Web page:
Want to read Slashdot from your mobile device? Point it at m.slashdot.org and keep reading!

 



Forgot your password?
typodupeerror
Space Communications The Internet

O3b Launches Four More Satellites To Bring Internet To 'Other 3 Billion' 80

Posted by timothy
from the from-above dept.
An anonymous reader writes "O3b Networks is aiming to provide internet access through satellite, to the "other three billion" people in under-served equatorial regions (Africa, the Pacific, South America). O3b launched four more satellites [Thursday], to add to the four they already have in orbit. This is a very international effort; a Russian Soyuz rocket went up from South America, carrying satellites built in France. There's a video of the rocket and payloads coming together and a video of the rocket launch. There's also an academic paper describing using the O3b system from the Cook Islands in the Pacific, giving an idea of what it does and those all-important ping times."
This discussion has been archived. No new comments can be posted.

O3b Launches Four More Satellites To Bring Internet To 'Other 3 Billion'

Comments Filter:
  • Re:motive? (Score:4, Insightful)

    by bjwest (14070) on Friday July 11, 2014 @09:30PM (#47436241)
    Like all corporate endeavorers, the motive is money. In a year or so when O3b files for bankruptcy, one of the big three (Comcast, AT&T or Verizon) will buy up the infrastructure for pennies on the dollar. The built out fees get eliminated in the bankruptcy, and then the profits start rolling in, just as planed.
  • Re:motive? (Score:5, Insightful)

    by Miamicanes (730264) on Friday July 11, 2014 @10:31PM (#47436439)

    These aren't exaclty lucrative potential customers...
    Who's paying for this and why?

    Cruise ships. Especially in the Caribbean, Mediterranean, and South China Sea. Two years from now, fast and semi-affordable shipboard internet will be a selling point and competitive advantage. Five years from now, it will be something every ship needs just to be taken seriously.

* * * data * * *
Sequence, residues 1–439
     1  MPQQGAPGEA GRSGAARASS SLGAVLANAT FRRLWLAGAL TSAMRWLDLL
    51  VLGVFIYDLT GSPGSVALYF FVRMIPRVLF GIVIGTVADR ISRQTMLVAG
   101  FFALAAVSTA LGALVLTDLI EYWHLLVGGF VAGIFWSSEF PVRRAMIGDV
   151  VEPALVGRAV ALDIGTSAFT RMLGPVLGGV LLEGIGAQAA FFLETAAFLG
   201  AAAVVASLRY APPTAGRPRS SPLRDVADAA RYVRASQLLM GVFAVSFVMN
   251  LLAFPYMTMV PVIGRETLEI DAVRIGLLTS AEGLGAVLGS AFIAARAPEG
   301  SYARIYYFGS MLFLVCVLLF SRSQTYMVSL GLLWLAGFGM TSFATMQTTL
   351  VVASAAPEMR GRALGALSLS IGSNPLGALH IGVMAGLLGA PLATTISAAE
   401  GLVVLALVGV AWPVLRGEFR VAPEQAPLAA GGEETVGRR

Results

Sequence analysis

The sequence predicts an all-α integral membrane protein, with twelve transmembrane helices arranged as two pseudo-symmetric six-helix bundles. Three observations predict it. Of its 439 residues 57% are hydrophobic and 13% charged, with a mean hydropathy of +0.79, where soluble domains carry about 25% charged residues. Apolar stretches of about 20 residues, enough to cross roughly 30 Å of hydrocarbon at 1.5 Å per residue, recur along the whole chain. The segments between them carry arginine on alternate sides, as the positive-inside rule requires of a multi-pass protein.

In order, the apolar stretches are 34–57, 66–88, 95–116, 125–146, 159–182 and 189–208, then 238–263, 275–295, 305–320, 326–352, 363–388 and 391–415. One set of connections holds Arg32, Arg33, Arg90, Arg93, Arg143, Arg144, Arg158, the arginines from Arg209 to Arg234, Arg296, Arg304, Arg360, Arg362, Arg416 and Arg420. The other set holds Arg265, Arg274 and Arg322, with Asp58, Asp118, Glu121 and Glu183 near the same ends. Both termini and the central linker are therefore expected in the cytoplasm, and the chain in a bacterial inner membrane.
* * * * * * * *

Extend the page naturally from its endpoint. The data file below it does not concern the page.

• by dbIII (701233) on Friday July 11, 2014 @10:37PM (#47436451)

    and you want them to get the Internet

    Substitute "books" or a video of "how to get clean water with scrapped parts" for that last word and you'll see what the big deal is.

    If you can't get in their shoes think of Hurricane Katrina and how the big deal in the aftermath is the lack of communications that resulted in food rotting when there were plenty of hungry people but the communications to direct the supply efforts were not there.

    How about you invest that money in getting rid of local warlords

    By investing the money in giving people the ability to talk about how to get rid of local warlords without having to gather in a public place and get hacked to death by machettes - something like this internet thing perhaps?

  • by pavera (320634) on Saturday July 12, 2014 @01:28AM (#47436791) Homepage Journal

    From rtfs, it seems o3b is aimed at the ISP market. I think this could be quite neat, they are aiming at being a backbone provider for say a local wireless ISP on a tropical island, this ISP sets up their terrestrial wifi equipment, and sets up a link to o3b for backhaul.

    This could transform the competitive landscape in a lot of these places where either a) becoming an ISP means signing a multi-thousands/mo deal with the 1 company that has pulled fiber under the sea for thousands of miles, or b) having no option, because the terrestrial land lines are all owned by the government run telco who has no interest in providing an upstart with bandwidth

    Of course, for this utopia of competition to break out, it assumes that o3b will be charging significantly less than whoever has pulled fiber under the sea, and that government regulation in all these countries doesn't simply preclude the business model by granting unlimited monopoly power to the government run telco. I know in the 2 south american countries I've visited this second hurdle is much larger than the first... The government owns the telco, thats the only way to get internet, period.

    But assuming I'm wrong about the regulatory landscape, and assuming o3b will have reasonable pricing, it almost becomes interesting to attempt to setup a wifi based ISP in some underserved country...

Bus error -- please leave by the rear door.

Working...